Hugh Grant gets an apology from Murdoch
Duchess of York and Christopher Eccleston also settle hacking cases in High Court
James Cusick is political correspondent of The Independent and The Independent on Sunday. As an experienced member of the lobby, he has previously worked at The Sunday Times and the BBC. His career as a journalist has been split between print and television, including senior positions as producer with Sir David Frost and at BBC Newsnight. He is also an award-winning golf and travel writer, working for over a decade as the UK contributing editor for one of the USA’s leading golf magazines. He broadcasts regularly for the BBC and CNN. He lives in London.
Friday 08 February 2013
The Duchess of York, Sarah Ferguson, actors Hugh Grant and Christopher Eccleston, and the Catholic parish priest of singer Charlotte Church, Father Richard Reardon, were among 17 phone-hacking victims offered public apologies in the High Court today by News International.
The “sincere” contrition and undisclosed “substantial” damages for a total of 144 cases, means that 26 victims of the News of the World’s illegal phone-hacking activities, have yet to settle with Rupert Murdoch’s UK newspaper division in the latest wave of claims.
Among the claimants who opted for a court-room apology were singer James Blunt, Uri Geller, Geoffrey Robinson, the former Labour minister, and Colin Stagg, the man wrongly accused of the murder of Rachel Nickell. Mr Stagg, one of the few to have his damages disclosed, was awarded £15,500.
Those who settled, but opted to keep the terms of the arrangement private, included Cherie Blair QC, the wife of the former prime minister, Ukip leader Nigel Farage, TV presenters Jamie Theakston and Chris Tarrant, Ted Beckham, the father of the former England football captain, former Tory minister Lord Blencathra, actor James Nesbitt, footballer Wayne Rooney, and BBC reporter Tom Mangold.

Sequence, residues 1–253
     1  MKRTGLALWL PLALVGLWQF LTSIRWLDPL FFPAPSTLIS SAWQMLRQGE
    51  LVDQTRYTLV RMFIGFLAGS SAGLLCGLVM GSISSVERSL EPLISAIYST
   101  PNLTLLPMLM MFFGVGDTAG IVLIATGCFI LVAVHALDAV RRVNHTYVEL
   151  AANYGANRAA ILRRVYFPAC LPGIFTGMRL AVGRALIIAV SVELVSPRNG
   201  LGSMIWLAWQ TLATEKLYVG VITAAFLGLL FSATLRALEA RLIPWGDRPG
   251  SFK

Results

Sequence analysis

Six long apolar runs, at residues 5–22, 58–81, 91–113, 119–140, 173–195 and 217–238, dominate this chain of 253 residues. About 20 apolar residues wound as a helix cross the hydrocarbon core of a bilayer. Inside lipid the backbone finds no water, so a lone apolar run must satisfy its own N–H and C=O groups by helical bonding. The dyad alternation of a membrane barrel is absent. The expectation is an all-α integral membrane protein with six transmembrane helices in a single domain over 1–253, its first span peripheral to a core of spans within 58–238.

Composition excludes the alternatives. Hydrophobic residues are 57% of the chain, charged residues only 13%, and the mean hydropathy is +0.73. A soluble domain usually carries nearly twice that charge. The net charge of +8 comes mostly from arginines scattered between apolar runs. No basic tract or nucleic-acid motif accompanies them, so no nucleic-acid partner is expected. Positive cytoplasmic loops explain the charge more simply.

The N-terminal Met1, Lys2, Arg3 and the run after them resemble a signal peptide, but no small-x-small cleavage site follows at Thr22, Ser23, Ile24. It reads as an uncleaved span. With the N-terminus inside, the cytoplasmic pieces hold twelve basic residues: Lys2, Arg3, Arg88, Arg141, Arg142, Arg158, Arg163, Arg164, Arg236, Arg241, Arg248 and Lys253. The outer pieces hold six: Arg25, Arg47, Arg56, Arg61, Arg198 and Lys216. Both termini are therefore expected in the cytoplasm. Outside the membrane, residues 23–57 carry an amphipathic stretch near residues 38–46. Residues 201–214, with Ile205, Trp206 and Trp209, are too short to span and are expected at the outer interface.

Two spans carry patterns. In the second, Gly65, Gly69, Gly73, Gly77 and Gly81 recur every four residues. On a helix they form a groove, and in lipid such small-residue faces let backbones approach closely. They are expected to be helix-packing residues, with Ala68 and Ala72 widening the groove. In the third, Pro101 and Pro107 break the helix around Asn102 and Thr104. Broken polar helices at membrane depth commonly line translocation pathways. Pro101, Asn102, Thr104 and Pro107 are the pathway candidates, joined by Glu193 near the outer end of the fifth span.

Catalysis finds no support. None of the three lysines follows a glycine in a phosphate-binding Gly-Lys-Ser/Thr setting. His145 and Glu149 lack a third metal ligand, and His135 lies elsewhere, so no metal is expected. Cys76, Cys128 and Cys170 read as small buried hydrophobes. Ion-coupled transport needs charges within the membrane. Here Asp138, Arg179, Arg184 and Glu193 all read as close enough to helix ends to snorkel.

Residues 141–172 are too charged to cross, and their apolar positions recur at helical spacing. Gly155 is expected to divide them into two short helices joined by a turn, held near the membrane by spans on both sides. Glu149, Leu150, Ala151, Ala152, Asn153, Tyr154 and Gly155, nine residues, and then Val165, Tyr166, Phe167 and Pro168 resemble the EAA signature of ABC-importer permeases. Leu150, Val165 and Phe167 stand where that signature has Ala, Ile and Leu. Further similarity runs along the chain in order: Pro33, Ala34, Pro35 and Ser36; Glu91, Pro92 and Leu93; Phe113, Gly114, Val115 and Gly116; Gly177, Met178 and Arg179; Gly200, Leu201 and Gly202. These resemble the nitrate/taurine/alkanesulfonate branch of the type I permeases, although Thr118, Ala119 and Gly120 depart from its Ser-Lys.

Lawyers acting for the remaining claimants anticipate around 20 more cases will settle in the next few weeks. However, a sufficient number are expected to remain, pointing to a trial date this summer. Hugh Tomlinson QC, the lead counsel for the victims, told the court that the Metropolitan Police were continuing to identify and notify new people who had been targeted by the News of the World. Mr Tomlinson said a third wave of hacking claimants could not be ruled out and was likely to number “more than 10 but less than 100”.
Those yet to settle their privacy actions with News Group Newspapers, a subsidiary of News International, include Princess Diana’s former butler, Paul Burrell, Chris Eubank, politician Tommy Sheridan, Tara Palmer Tomkinson, entrepreneur Simon Jordan, TV producer Nigel Lythgoe, and former union boss Tony Woodley.
Though the settlement deals were not made public, leading lawyers involved in the process suggested the scale was similar to amounts awarded last year when MP Chris Bryant received £30,000 and Lord Prescott £50,000.
The hearing continued to tread carefully in describing the behaviour of journalists and others at the News of the World over fears of influencing the outcome of criminal trials on phone hacking scheduled for later this year.
The continuing stream of new cases, and the likelihood there will another wave of potentially expensive civil actions, means attempts by News Corp, the parent company of Murdoch’s newspaper division, to draw a line under the phone-hacking scandal has had limited success.
The board of the Murdoch-owned company are planning to hive off their print business into a separate company. That will now take place with the toxicity of phone hacking still prevalent.
Hugh Grant, who said he would be donating part of his settlement to the Hacked Off pressure group, later Tweeted that he wanted his case to go to a full trial, but had been prevented from doing so by libel law restrictions.
All of the victims who settled had their mobile phone voicemails illegally intercepted by journalists or others employed by the News of the World. Some had also been put under surveillance by private investigators employed by the tabloid, which NI closed in 2011.
Hacked off: The targets
The actor was a target for the NOTW because of the stories he generated from having “well- known relationships and friendships with various high profile women”.
All the damages Mr Grant received today will go to the Hacked-Off media pressure group.
The former Doctor Who actor, took his family on holiday to Cornwall.
An article about the holiday appeared in the NOTW. Mr Eccleston was told his phone had been illegally accessed 16 times and private information obtained.
Ms Cleaver, a Berlin-based freelance journalist, was targeted for the information that senior journalists at the NOTW thought they could get by hacking her phone.
It was their way of listening in on the competition.
Father Richard Reardon
Among his parishioners in Cardiff was Charlotte Church and her family. The family told him their troubles, sometimes on his mobile phone.
Neither he nor the Churchs knew that the NOTW was intercepting the exchanges.
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